The Bourbon Philip V refused to give up and, aware of the danger posed by Barcelona, now in the hands of the enemy, he decided to recapture the place. On 14 March 1706, arriving from Madrid, he met in Casp with the Maréchal de Tessé, sent from France to assist him in this entreprise. On 17 March, they set off from Casp and marched at full speed towards Barcelona, leaving Lleida, which was occupied by the Allies, in their rear. Furthermore, new reinforcements were sent from France under the command of Adrien Maurice de Noailles, the governor of Perpignan, while a fleet under Louis Alexandre de Bourbon sailed from Toulon, with cannon and ammunition.


Map of the siege of Barcelona in 1706 – Courtesy: Dinos Antoniadis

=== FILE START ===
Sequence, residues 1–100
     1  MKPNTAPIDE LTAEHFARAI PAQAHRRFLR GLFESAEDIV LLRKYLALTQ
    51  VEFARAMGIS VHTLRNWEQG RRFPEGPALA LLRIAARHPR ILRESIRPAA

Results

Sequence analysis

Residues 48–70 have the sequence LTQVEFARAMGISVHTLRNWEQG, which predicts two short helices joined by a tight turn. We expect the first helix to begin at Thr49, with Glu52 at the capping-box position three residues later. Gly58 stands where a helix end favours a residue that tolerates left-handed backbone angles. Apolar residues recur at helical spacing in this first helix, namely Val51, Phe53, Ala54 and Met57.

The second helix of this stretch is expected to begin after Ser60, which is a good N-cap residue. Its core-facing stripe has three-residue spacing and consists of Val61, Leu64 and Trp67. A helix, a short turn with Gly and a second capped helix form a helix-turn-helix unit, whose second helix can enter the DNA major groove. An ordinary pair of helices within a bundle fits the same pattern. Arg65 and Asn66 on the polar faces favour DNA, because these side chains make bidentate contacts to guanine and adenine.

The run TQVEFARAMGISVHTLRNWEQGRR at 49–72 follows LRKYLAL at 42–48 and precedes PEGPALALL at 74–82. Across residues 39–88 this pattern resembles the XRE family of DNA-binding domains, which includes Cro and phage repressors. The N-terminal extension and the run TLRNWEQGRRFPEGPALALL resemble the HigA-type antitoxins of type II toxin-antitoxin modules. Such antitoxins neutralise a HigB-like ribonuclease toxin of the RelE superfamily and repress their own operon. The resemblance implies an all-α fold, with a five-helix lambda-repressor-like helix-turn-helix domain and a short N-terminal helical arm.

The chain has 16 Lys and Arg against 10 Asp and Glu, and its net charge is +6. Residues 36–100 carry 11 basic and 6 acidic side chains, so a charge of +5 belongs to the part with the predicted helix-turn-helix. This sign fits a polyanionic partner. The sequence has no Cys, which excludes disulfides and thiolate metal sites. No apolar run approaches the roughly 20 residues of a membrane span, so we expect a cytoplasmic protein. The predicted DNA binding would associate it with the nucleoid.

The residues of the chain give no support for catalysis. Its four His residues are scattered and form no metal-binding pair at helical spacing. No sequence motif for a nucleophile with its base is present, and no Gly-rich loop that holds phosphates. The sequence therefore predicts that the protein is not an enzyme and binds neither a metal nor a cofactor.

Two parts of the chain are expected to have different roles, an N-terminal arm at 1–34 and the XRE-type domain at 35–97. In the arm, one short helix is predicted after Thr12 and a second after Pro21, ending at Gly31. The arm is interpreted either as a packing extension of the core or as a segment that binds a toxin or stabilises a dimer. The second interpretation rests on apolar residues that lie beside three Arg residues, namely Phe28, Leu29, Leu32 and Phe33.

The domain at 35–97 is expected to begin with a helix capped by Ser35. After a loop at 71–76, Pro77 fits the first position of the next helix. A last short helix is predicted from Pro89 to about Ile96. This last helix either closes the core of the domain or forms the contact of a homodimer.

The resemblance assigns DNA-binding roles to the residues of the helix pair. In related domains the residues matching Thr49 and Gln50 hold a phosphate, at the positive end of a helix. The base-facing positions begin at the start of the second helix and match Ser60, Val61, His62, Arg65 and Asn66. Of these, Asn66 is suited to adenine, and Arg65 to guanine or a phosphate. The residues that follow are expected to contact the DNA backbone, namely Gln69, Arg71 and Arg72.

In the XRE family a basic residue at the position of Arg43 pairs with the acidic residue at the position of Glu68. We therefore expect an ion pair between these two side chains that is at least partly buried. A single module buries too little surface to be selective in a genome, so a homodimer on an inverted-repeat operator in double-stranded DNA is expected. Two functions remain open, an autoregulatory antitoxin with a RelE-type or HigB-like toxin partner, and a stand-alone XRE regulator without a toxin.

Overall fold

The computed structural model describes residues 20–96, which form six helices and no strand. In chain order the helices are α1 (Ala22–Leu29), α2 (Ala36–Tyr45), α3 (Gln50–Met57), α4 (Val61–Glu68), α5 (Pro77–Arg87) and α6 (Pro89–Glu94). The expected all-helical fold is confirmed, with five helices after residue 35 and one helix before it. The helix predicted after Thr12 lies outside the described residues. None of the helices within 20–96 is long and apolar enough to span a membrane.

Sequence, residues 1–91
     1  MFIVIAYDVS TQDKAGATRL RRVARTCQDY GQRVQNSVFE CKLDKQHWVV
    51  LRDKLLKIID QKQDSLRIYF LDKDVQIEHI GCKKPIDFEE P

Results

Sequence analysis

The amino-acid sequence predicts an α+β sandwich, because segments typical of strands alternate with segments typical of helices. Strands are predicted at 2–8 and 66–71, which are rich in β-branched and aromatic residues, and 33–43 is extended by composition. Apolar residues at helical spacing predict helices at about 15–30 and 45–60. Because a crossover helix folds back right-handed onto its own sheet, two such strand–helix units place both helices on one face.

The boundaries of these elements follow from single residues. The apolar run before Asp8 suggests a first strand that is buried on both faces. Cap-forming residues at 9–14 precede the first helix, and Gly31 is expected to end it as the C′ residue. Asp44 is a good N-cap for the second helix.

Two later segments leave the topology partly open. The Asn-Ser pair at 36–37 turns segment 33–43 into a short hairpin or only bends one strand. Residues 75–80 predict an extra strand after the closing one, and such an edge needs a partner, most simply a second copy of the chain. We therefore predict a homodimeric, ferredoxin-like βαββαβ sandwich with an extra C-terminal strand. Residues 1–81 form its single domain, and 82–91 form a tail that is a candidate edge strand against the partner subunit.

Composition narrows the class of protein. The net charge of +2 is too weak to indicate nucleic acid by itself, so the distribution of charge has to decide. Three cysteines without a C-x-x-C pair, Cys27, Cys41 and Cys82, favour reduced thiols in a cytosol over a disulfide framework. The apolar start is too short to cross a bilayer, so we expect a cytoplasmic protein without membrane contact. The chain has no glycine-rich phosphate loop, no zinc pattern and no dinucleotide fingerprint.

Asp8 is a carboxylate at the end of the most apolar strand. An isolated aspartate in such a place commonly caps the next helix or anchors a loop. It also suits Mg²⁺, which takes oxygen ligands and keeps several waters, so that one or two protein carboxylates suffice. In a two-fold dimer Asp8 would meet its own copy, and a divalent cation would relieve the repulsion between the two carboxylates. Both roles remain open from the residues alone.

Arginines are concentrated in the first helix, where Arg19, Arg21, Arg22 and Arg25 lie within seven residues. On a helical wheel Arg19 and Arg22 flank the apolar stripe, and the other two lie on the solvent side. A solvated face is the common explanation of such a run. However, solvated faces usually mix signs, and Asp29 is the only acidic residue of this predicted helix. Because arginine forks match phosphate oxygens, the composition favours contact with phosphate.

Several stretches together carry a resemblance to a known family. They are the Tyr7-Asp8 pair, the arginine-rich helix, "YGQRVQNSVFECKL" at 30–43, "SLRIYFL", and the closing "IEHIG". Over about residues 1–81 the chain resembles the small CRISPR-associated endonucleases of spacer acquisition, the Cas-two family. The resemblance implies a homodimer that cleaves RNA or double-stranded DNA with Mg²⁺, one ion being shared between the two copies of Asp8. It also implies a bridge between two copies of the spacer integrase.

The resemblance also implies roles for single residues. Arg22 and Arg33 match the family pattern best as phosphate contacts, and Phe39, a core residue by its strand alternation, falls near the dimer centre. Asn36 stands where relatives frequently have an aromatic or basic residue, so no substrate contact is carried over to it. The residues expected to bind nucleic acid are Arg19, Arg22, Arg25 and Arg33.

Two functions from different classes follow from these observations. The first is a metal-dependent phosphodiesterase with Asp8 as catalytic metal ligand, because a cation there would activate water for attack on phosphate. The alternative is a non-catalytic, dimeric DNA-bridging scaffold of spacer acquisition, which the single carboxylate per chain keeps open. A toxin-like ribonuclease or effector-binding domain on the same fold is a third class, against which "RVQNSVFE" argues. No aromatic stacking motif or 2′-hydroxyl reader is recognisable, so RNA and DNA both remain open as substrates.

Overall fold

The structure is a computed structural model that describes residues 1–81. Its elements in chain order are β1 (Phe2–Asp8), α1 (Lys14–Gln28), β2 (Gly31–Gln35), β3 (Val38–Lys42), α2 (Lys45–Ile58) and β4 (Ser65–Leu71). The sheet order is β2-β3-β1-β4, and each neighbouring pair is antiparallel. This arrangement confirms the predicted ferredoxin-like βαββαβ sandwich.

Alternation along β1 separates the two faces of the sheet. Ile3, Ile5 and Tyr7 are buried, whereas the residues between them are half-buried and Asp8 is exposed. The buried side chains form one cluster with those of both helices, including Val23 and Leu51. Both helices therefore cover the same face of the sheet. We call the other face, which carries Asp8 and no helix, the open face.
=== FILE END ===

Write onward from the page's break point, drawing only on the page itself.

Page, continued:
Key to the map:
A: Fort Montjuïc
B: Bourbon trenches
C: Bourbon batteries
D: Bastion of St Antoni
E: Breach
F: New City
G: Old City

The Bourbon Army

The Bourbons, with the presence of King Philip V himself, had 18,000 men and the support of the fleet of Louis Alexandre de Bourbon.

The Defenders of Barcelona

To defend Barcelona, Archduke Charles had 8,500 men (4,500 members of the Coronela, 2,000 Allied foot (British, Germans and Dutch), about 1,000 regular Catalans within the Regiment of Royal Catalan Guards and the Barcelona Regiment, and 1,000 Catalan volunteers. There were also about 400 dragoons, of which 250 were Catalan and the rest British.

Description of events

The Allied Fleet